Strenuous Days in Real Estate

by Laurel | April 6th, 2010

One assumes the John H. Woods mentioned in the real estate debacle below is the same company still in the real estate business today!

W.B. Reid, is William B. Reid, at the time aged about 42, born in Canada but of Scottish ancestry. He lived at 226 Walnut Street, according to the 1900 and 1910 U.S. Census, with his wife and three children. I have no evidence to indicate whether he was successfully able to purchase the neighboring property. Perhaps $600 doesn’t sound like much to us now, but remember in 1906 it was a lot of money. Running a relative value indicator, results display a huge range but it would have been probably a the very minimum a $20,000 difference in pricing to have set off Reid. A significant sum even by our standards today.

April 6, 1906, page 10

There is a two-tenement house next to the residence of Architect W. B. Reid on Walnut street and it occurred to him a few days ago after hearing that it was in the market that he would like to possess it. “How much do you want for it?” he inquired of Williams & Montgomery, who had advertised the place for sale. The figure was placed at $5500 and Mr. Reid concluded that he would take it. Work was sent to J. L. Gillette of Atlanta, Ga., who owns the place. Shortly afterward Architect Reid was stunned to read that the Real Estate Agent C. P Lockwood was offering the same house for $4900, representing a Philadelphia real estate firm. The prospect of paying $600 more to one real estate man than another stirred the tranquil mind of the architect to boiling wrath. He hastened to the Lockwood agency and deposited a sum to take the property. Mr. Gillette thereupon, being apprised of the Lockwood deal, telegraphs back furiously that the Lockwood deal is no good. Meantime Real Estate Agent John H. Woods secures a customer for the property and wires $50 to Gillette to bind the sale and receives his receipt for it. Then attachments begin to appear — one from the Lockwood agency, one from the Philadelphia concern, and one from W. B. Reid. John H. Woods then wires attachments on and and finally getting a bit alarmed bethinks himself that an attachment ought to be secured to protect his commission and so he places one on. Then comes a wire from Mr. Gillette to “employ counsel and get attachments released.” Lawyer James O’Shea comes in and the work of mowing down the attachments is now under way. There seem to be more complications about this piece of property than any in Holyoke for a number of years.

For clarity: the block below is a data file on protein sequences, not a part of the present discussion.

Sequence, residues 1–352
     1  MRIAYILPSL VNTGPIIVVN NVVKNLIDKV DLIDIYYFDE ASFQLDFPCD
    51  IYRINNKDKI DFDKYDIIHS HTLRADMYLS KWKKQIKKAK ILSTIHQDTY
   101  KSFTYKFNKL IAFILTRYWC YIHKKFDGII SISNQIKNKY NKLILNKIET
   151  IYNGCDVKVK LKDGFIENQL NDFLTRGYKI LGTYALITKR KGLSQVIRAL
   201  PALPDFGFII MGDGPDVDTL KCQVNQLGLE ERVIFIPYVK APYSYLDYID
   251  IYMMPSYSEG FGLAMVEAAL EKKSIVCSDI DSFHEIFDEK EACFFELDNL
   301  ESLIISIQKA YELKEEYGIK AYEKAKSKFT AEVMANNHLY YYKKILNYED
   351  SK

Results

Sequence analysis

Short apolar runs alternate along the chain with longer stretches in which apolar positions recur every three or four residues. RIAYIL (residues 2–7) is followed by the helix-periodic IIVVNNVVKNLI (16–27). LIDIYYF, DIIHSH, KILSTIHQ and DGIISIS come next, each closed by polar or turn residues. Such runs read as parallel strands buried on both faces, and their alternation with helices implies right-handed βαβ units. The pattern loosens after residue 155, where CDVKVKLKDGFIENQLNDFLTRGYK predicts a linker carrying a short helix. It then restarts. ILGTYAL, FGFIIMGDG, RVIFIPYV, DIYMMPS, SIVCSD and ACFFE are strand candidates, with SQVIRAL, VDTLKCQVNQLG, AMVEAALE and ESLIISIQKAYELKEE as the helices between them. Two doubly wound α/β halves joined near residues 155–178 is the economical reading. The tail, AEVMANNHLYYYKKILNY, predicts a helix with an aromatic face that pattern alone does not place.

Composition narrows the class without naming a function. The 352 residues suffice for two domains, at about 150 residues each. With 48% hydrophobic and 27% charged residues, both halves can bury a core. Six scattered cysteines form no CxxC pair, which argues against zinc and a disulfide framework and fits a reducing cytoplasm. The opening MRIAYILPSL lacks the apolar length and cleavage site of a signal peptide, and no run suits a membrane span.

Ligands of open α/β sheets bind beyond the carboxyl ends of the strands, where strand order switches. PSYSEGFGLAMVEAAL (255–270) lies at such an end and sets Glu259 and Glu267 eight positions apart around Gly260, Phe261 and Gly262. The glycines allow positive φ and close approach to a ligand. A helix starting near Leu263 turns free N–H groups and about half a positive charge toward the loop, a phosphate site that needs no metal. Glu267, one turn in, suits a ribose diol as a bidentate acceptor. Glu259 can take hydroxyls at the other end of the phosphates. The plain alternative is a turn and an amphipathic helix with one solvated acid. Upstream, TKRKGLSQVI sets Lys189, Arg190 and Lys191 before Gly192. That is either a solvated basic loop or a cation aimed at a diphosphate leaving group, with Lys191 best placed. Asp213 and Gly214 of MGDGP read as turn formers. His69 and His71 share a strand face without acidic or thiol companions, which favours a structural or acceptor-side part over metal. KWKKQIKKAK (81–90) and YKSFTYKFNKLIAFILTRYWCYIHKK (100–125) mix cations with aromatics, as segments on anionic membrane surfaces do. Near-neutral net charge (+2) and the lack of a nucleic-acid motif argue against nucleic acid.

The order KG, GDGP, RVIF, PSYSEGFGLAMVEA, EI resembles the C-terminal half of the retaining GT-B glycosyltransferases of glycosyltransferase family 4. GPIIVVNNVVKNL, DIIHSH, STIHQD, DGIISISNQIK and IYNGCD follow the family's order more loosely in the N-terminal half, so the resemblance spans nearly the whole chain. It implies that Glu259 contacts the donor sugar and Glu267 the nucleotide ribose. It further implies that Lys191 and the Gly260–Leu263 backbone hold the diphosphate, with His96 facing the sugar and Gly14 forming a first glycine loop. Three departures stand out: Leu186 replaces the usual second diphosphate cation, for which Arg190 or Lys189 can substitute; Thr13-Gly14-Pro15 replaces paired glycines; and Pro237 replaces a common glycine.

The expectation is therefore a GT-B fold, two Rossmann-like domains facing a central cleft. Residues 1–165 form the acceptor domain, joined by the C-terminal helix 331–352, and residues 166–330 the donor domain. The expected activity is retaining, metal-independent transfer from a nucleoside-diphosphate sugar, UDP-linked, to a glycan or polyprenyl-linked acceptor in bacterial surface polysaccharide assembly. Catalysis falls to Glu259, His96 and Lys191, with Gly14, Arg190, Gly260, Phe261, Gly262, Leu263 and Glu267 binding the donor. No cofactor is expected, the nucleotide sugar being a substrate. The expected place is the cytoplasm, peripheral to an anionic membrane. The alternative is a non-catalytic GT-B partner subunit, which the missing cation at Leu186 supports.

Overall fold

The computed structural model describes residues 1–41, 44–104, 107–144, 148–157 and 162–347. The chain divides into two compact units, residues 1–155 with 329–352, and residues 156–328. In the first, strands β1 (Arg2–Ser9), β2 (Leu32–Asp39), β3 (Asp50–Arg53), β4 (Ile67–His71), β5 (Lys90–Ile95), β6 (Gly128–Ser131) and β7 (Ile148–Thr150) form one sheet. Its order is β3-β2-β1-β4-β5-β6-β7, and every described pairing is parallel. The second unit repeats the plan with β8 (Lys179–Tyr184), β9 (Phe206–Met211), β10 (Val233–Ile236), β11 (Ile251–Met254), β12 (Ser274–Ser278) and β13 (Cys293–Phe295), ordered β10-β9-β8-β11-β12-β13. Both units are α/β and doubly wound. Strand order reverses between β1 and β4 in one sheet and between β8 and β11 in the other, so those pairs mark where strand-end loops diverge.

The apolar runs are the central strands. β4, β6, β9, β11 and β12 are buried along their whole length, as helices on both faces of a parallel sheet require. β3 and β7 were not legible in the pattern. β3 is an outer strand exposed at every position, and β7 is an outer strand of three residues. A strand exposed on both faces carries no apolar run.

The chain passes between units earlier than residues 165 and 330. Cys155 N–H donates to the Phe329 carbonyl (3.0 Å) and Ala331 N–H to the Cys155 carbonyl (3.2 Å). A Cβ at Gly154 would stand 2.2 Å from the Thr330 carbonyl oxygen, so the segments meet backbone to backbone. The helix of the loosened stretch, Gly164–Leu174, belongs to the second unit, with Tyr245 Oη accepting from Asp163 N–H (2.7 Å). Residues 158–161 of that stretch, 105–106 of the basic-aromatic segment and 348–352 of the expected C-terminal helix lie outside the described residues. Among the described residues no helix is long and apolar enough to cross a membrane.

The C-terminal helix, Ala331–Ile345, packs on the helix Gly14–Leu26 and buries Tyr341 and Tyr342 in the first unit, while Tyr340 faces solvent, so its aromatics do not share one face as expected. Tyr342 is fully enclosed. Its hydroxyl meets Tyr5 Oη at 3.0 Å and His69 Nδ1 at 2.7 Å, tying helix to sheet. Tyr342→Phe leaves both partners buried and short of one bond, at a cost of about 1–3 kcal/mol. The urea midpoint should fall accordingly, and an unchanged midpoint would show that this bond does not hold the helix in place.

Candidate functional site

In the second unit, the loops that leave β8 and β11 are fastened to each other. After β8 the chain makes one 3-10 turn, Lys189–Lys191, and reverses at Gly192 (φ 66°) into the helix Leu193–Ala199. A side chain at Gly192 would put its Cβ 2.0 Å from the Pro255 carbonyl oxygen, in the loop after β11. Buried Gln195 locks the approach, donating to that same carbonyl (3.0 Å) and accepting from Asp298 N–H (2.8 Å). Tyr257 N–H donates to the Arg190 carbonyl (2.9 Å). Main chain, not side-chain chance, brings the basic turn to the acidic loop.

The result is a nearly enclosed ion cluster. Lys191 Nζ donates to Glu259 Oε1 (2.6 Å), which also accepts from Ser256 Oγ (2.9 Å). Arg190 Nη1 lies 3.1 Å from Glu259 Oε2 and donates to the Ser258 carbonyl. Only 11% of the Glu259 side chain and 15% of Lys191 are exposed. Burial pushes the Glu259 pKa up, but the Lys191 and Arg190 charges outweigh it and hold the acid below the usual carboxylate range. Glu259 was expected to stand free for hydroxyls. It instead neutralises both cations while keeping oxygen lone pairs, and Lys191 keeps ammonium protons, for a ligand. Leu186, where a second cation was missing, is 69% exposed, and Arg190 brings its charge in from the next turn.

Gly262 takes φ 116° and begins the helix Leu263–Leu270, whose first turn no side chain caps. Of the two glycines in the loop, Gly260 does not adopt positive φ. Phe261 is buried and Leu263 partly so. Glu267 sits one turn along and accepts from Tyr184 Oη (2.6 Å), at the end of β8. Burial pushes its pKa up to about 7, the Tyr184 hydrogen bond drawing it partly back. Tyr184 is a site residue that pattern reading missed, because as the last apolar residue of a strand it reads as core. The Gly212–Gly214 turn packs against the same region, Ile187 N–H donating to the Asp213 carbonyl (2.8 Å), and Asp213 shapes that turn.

From the Springfield Republican.

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